Parents, it’s ok if you don’t want your kids to do all the things, to be involved in three sports every season plus learn to play a musical instrument. It’s ok not to enroll your three-year-old in ballet and gymnastics and ninja courses. It’s ok to enjoy them at home while they are young, to go camping and hiking instead of swim team every Saturday morning, or to choose family activities over Sunday sports.
I grew up playing sports and there are many, many good aspects to engaging in competition, either within a team or individual. Sports does build character, discipline, and helps to create healthy habits. They offer lessons on how to lose gracefully, how to practice if you want to improve, how to work with others and be a resourceful and respectful leader. And that’s only the beginning.
The benefits of being involved in sports are numerous. However, declining to be involved in sports doesn’t mean kids won’t learn those same lessons. And being so deeply involved in sports means other things in life will need to give – and as parents, are we willing to make that trade?
My opinion stems from my own sporting experiences
My kids are relatively young, only 10 and 6, and I’ve only ever signed them up for an hour of gymnastics a week. Even that was hard to get to with my work schedule. It was a blast to watch them though. We also do Scouts, which is less of a commitment and more of a fun activity that we can do in places we already visit like parks, hiking trails, lakes, and campgrounds. Now we don’t even do gymnastics because we are having too much fun doing other, non-sports related things.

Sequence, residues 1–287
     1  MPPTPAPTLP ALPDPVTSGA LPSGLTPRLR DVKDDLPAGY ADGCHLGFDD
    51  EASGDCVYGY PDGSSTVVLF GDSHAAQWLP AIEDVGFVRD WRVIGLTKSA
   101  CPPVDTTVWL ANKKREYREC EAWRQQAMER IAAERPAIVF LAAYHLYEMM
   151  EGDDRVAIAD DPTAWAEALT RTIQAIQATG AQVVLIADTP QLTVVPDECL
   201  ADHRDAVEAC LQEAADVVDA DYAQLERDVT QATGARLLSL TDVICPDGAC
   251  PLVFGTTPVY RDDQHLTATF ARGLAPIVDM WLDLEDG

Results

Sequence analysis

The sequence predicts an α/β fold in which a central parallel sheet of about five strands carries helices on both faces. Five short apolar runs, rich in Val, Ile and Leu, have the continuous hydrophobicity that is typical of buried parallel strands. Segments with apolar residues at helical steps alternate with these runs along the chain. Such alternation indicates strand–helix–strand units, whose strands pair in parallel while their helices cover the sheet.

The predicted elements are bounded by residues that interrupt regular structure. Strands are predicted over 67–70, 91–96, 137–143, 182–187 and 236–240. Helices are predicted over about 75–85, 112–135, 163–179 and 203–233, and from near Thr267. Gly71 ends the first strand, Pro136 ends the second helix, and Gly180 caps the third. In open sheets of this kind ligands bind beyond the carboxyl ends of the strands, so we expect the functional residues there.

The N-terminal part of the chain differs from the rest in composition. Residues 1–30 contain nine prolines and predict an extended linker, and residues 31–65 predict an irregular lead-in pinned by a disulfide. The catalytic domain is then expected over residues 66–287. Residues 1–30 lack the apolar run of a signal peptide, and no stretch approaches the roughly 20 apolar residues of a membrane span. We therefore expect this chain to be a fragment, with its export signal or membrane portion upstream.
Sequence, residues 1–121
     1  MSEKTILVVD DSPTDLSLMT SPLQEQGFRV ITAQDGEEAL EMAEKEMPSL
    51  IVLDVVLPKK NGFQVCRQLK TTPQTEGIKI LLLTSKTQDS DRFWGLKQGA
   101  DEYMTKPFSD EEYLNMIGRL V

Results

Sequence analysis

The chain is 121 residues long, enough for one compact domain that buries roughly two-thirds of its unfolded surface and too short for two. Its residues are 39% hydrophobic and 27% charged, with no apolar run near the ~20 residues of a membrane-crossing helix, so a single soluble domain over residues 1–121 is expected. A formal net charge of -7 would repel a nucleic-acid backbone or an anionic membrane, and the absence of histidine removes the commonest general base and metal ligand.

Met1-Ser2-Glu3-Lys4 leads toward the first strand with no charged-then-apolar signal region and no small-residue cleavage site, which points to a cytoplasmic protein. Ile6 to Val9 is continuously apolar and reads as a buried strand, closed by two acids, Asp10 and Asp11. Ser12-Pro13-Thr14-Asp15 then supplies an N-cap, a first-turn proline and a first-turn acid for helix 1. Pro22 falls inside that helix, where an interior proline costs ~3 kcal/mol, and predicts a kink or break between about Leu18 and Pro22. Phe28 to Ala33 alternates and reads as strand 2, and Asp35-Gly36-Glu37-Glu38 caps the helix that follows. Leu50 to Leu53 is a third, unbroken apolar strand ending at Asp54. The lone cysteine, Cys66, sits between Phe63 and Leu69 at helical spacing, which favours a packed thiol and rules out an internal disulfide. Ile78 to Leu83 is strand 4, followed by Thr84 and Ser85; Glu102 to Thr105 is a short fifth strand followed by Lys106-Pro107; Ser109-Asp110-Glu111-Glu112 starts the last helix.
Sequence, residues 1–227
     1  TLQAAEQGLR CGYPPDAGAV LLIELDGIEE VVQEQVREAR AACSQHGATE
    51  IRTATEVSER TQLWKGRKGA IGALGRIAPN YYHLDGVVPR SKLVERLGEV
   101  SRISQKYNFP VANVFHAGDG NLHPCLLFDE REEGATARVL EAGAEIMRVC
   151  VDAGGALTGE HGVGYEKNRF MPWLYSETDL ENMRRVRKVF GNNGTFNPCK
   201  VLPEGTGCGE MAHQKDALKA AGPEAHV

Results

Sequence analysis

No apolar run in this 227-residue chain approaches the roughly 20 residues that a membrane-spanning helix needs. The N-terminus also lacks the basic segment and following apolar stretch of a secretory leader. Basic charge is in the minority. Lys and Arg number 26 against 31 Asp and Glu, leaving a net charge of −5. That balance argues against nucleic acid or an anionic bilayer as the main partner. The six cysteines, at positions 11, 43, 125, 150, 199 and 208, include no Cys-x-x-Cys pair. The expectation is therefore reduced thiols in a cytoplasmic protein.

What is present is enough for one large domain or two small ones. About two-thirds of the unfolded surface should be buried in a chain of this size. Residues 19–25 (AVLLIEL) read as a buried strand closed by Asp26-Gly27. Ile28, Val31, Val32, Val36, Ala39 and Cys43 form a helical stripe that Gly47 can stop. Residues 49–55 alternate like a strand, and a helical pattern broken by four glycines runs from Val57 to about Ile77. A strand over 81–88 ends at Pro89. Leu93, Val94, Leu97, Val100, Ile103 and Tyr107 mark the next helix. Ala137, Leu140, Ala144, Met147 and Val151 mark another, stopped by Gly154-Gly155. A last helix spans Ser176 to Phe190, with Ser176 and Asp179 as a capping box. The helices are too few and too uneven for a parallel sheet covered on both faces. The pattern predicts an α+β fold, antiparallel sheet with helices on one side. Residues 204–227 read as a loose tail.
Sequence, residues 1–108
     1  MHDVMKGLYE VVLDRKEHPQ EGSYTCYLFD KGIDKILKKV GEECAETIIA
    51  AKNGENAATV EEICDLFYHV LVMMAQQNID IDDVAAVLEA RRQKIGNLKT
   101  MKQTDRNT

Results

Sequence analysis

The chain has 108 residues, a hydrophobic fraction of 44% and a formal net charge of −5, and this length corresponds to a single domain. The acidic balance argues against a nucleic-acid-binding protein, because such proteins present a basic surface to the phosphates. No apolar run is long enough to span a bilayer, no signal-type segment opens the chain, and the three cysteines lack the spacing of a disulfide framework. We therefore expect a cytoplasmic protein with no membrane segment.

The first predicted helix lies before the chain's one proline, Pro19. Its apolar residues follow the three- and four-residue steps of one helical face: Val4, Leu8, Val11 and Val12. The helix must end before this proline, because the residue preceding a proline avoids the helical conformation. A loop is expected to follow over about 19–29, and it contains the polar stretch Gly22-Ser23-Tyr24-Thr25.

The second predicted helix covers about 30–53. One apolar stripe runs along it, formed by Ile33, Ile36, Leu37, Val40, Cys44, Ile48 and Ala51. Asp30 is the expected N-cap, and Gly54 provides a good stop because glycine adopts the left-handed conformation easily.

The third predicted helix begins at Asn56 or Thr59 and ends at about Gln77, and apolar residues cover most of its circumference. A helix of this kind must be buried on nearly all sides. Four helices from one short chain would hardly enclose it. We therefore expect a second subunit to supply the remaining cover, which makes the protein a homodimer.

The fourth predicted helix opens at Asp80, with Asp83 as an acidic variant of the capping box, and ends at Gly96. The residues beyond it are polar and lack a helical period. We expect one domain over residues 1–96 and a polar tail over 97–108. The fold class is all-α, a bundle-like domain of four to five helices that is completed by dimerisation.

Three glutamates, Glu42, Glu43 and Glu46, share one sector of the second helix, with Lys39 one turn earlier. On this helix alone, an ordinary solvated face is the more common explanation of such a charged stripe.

When I played competitive basketball in high school, my entire family would travel to tournaments and my poor brothers would sit in the stands, bored out of their minds, watching the games. My parents valued our family time together but they also knew I was a talented basketball player and did everything they could to support me. We would even tailgate in the parking lot much to the dismay of my teenage self, who was embarrassed beyond belief. But eating out after paying for travel and lodging and tournament fees was expensive.
My family gave up a lot for my dreams, which I ultimately discarded to the dismay of my parents. They sacrificed immensely so I could play competitive sports and while they tried to incorporate our whole family, they had to give up a lot of time together. My brothers did as well. They were runners so their travel was much less than mine but they didn’t get left out thankfully.
When it comes to my own kids, I feel myself swinging in the complete opposite direction of my own upbringing, shunning any kind of organized sports in favor of more time with them on my own terms. I cannot imagine giving up our weekends of adventure to sit on a field or in a gym for games.
Sports are a huge time commitment
I have seen and known parents who sign their toddler up for two or three sporting activities a season, which makes for a hectic week and hardly any downtime. Does a toddler really need to do gymnastics, soccer, and t-ball? And sports aren’t cheap. There are the signup fees, uniform costs, travel costs, gas, lodging, and extensive time commitments.
I was curious about our local swim team a couple summers ago and went to an informational meeting only to find out that practices were twice a day on some days and then meets were on Saturday mornings. I walked out and never looked back.